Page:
09/05/2012 05:45 pm ET Updated Dec 06, 2017

Barack Obama In 1 Word: Good

WASHINGTON -- "Good" and "trying" are the top two words Americans used to describe President Barack Obama, according to a poll released Wednesday by the Pew Research Center for the People and the Press and the Washington Post.

Not all the words used to describe Obama were were positive -- negative opinions were equally popular. The dryly factual word "president" was named third most-often by more than 1,000 adults who were surveyed, followed by "incompetent" and "failure." Only 14 percent of people offered neutral words.

Here's a color-coded chart of responses. (The numbers represent how many people used each word, not percentages.):

The descriptions, many reflective of opinions on Obama's time in office, contrast those in a poll of voters taken in September 2008. From Pew:

Four years ago, voters’ descriptions of Barack Obama focused on his newness on the political scene. In September 2008, more voters used the word inexperienced to describe Obama than any other word, while change was the most frequently used positive term. Words like young, charismatic and new were also among the top descriptions.

Descriptions of Mitt Romney have also shifted as he's become better known to the American public. In a Pew/Washington Post poll released last week, the word most used was "honest," followed closely by "rich" and "businessman," which together dwarfed any other responses. The word "Mormon," which, along with "religion," largely defined him in a 2011 poll, rarely came up, with "flip-flopper" and "moderate" also dropped from the charts.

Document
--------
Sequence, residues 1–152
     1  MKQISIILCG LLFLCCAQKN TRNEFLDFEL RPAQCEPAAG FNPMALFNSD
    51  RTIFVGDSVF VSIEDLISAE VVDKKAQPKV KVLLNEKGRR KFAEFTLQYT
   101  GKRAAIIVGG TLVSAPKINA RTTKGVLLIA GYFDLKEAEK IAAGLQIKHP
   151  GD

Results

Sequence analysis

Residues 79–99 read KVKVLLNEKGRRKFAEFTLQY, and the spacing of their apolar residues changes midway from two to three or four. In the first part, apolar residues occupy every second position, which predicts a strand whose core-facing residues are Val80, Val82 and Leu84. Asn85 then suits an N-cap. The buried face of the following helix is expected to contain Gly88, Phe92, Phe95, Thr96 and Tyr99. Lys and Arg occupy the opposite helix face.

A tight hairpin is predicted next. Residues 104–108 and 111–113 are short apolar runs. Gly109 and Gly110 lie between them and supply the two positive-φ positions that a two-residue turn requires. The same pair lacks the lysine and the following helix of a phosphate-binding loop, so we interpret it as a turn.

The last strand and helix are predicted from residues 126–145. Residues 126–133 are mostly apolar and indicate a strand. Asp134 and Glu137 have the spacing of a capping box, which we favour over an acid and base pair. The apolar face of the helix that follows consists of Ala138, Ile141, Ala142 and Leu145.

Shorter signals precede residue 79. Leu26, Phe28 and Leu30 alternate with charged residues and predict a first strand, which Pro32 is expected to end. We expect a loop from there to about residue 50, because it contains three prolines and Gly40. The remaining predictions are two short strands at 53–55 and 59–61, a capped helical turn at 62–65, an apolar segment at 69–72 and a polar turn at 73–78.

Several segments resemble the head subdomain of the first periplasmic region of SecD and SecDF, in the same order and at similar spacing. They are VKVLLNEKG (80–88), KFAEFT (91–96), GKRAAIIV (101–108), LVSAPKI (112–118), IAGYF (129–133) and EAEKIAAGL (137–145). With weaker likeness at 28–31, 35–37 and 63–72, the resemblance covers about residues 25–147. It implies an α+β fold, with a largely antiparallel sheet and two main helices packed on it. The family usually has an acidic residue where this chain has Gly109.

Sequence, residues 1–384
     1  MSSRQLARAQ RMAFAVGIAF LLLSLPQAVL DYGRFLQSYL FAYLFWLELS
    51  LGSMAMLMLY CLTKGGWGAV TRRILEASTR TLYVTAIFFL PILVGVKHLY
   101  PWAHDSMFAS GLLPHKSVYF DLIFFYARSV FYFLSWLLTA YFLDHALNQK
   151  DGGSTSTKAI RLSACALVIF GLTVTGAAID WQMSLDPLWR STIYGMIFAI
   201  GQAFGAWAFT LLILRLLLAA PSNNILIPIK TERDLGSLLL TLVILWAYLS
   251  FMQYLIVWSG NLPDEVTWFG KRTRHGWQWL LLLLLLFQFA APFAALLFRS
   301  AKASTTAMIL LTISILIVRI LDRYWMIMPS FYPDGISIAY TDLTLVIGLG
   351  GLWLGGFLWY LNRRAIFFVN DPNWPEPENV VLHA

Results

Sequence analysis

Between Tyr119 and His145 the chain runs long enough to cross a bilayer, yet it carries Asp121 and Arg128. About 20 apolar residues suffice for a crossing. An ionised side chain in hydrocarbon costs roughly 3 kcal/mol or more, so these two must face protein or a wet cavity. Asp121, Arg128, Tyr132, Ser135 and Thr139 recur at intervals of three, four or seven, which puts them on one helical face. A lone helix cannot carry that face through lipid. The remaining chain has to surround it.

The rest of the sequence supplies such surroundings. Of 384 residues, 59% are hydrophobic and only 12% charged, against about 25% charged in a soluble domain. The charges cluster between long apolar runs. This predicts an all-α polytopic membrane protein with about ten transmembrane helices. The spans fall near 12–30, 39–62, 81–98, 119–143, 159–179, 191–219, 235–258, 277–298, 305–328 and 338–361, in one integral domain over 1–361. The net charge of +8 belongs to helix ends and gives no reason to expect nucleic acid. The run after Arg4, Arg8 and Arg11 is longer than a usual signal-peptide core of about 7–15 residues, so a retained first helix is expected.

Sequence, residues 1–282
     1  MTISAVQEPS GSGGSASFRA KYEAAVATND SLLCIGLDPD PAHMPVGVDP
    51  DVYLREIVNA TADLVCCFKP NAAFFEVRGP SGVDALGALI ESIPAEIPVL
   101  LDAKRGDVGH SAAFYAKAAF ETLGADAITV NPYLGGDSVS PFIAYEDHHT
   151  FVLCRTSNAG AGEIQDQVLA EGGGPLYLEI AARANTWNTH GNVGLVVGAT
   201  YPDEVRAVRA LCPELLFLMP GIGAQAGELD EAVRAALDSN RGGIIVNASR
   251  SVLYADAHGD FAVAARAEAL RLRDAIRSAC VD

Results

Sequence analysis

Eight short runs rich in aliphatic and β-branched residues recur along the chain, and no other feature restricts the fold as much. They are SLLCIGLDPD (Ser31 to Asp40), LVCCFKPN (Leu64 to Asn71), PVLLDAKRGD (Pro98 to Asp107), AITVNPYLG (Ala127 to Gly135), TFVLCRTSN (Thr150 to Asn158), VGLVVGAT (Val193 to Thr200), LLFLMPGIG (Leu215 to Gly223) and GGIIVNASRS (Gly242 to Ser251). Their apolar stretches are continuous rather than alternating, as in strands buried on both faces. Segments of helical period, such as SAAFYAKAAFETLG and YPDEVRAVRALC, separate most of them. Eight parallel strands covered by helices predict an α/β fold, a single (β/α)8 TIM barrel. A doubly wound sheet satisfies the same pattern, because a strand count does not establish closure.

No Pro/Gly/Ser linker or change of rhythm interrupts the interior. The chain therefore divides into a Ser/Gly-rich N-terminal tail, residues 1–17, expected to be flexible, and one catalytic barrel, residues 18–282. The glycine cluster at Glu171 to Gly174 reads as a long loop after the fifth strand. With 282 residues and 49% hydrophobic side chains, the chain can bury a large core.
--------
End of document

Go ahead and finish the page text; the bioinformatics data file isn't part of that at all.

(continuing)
Vice President Joe Biden attracted more negative reviews. Although the top word used to describe him was "good," the next most-popular was "idiot," with other unflattering descriptions including "incompetent," "clown" and "buffoon." (Other finding: Five people believe that "don't like him" is one word.) Paul Ryan was seen as "conservative" and "intelligent," followed by "young" and "unknown."

The latest Pew poll surveyed 1,008 adults by phone from Aug. 31 to Sept. 3.



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